Not only is the tree dying, it poses a significant threat to the house because of its proximity. This raises a bit of a dilemma for us. We appreciate the shading value of a mature tree this close to the structure. Passive ventilation and use of natural alternatives to machine powered air conditioning as much as possible is one of the aspects of sustainability that we preach about old houses. However, when those features become fragile with age and natural cycles, as well as the threat of storms as we learned in Isabelle a few years ago, the safety of the house from an obvious threat has to be considered. When this feature is replaced, we will seek a buffer from the House so as it matures it will not present a new threat for future stewards to worry about.

Smith,s Fort Dependancies

On Friday, June 6, 2008, Karl and Mike of the restoration dept finished roofing the necessary house, while Jon worked with Davies Masonry on the tombs at the Jamestown church.
The following Monday, with the same working arrangements, the North side of the tool shed was stripped and then covered with sheet rubber held on with wood strips. The rubber is much heavier than plastic tarps and much more reliable. Its a damn shame those idiots in restoration can't figure out how to arrange and caption their pictures better.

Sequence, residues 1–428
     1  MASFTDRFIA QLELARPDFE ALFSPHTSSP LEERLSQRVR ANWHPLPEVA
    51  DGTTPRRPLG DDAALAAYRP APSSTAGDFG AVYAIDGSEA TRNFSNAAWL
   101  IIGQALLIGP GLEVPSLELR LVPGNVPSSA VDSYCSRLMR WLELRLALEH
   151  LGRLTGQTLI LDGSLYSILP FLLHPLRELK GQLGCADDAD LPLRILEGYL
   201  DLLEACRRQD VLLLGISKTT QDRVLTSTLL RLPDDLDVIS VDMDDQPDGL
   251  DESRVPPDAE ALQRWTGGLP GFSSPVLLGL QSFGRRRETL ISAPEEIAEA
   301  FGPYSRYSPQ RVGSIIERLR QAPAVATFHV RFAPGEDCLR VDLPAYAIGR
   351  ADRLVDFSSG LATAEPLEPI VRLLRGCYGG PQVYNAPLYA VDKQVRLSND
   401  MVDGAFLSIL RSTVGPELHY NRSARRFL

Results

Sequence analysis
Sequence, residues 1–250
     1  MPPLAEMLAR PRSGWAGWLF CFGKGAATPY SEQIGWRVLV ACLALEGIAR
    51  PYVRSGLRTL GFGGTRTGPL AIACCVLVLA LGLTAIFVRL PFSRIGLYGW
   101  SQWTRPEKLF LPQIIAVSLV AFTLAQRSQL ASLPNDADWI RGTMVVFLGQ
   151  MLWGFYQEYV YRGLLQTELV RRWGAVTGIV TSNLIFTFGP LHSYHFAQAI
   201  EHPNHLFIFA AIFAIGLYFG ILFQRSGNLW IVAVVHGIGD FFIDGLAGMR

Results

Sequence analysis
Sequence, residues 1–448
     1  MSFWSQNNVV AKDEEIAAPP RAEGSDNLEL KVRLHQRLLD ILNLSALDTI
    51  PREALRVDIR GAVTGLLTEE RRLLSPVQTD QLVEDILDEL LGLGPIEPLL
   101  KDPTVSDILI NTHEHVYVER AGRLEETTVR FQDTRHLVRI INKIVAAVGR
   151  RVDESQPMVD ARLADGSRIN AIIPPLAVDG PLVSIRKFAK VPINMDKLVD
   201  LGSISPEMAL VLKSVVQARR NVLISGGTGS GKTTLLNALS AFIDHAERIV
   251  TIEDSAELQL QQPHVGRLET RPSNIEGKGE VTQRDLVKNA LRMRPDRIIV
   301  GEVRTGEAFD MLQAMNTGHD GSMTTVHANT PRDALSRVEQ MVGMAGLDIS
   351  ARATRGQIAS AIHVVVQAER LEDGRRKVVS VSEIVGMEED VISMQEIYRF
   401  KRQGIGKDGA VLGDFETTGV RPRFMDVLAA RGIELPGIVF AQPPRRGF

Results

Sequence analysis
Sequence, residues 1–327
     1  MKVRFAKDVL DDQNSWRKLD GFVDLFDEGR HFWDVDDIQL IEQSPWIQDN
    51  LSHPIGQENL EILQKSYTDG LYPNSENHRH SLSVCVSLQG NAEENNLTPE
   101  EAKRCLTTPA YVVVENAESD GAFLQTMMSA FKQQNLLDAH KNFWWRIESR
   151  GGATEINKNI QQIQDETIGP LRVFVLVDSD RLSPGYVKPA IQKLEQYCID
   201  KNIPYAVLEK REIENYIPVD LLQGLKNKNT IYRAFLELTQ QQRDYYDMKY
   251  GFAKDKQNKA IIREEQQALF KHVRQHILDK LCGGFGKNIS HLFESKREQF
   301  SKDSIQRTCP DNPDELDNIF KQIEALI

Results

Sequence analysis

Thursday, June 5, 2008

1 down, 3 to go

The restoration crew finished the North side of the necessary house at Smiths Fort plantation on June 5th, 2008, leaving the South side, plus the tool shed on the other corner of the yard to go. The shingles are 24 inch, medium cedar "handsplits", meaning they are about one-half inch at the butt, sawn on the bottom and split on the top. The process of setting up scaffold, tearing off the old roof and installing new shingles takes two men about two days per side, which does not include trueing the shingle edges and rounding them on a bandsaw. The old shingles were sawn cypress and had been installed @1985.

Monday, June 2, 2008


The pumphouse at Bacon's Castle is completely finished as of June 2nd, 2008. It has the exact same dimensions and details as the old, termite infested building, but is completely termite proof. We were able to reuse the door, soffite, facia, and roof sheathing on the south side. The light was added as a convenience, since the castle grounds are so poorly lit. We will start on the re-roofing of the two dependancies at Smith's Fort on the 3rd.